3.  The only mistake is not starting to begin with.  You really only have two choices when it comes to reaching goals:  you can choose to work toward reaching them or choose to do nothing.  Even if you jot down your goals on scrap paper (note napkins count, too) and get started with a burst of enthusiasm and motivation then fall off the bandwagon (oops, another cliché) a quarter of the way through, well, at least you started.  Just don’t forget to restart.  You may have to pick yourself up and reassess, but you’re already miles ahead.  The bottom line is… it’s ok to mess up every now and then.

4.  Be lazy.  Yep.  Be lazy.  Make reaching your goals as easy on yourself as possible.  Use the tools available to you to make transitioning from a not-so-savvy to a super-savvy-saver simple.  Once you’ve set a budget to determine the amount you can comfortably save, go ahead and set up an automatic transfer to savings.  Or, even better, set up a payroll deduction from your paycheck to savings.  If you don’t see the cash entering and leaving your checking account, you’ll miss it less (if at all).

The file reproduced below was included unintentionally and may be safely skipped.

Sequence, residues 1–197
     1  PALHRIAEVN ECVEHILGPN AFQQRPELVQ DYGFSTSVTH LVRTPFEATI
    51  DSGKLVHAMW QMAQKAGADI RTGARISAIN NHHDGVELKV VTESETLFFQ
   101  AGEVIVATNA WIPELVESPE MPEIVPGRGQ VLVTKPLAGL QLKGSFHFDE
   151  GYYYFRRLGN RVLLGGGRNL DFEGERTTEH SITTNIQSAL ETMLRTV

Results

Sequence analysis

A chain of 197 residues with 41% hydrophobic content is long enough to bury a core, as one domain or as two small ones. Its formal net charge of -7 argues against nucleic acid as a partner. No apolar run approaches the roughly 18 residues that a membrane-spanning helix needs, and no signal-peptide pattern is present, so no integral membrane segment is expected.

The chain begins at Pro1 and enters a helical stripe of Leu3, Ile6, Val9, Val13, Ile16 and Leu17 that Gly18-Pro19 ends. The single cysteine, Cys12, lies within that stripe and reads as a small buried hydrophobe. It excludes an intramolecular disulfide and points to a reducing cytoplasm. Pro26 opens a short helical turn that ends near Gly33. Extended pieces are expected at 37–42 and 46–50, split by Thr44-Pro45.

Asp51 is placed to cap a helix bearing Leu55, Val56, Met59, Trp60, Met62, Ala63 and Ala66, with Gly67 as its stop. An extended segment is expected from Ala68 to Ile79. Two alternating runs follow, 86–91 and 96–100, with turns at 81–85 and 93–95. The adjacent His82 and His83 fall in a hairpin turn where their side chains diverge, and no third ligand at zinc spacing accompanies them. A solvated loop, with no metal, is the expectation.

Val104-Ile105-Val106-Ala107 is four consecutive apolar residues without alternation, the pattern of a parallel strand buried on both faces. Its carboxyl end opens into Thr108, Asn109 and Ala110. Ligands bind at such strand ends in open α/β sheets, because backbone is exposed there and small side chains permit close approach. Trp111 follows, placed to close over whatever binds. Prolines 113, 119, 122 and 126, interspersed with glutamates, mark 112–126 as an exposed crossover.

5.  See it and believe it.  For the visually inclined, personal vision boardsor tools which use images to help you better define and focus on a specific goal, are growing in popularity.  You can make yours as detailed or simplified as you’d like to help you stay on top of your goals.  For instance, if saving enough money to pay for your child’s future education is part of your plan, you may have photos of your child, images of colleges, books or school logos, along with inspirational quotes about growing up pinned, stapled, taped or glued to a poster board, corkboard or even a blank wall in your home.  Each time you pass these vision boards, they help you remember why you do what you do each day, especially when having to make a tough financial decision.

Gather your own inspiration from our “Vision Board” on Pinterest here.

6.  My goal is (not) better than your goal.  Who’s to say your financial goals are less important or exciting than anyone else’s.  You do you.  You know what works for you.  You know what’s most important to you.  Don’t worry if it seems your ideas of financial soundness aren’t aligning with your peers’; not everyone wants the same things.  In the end, what matters is you’re happy with your outcome.

Talk to us.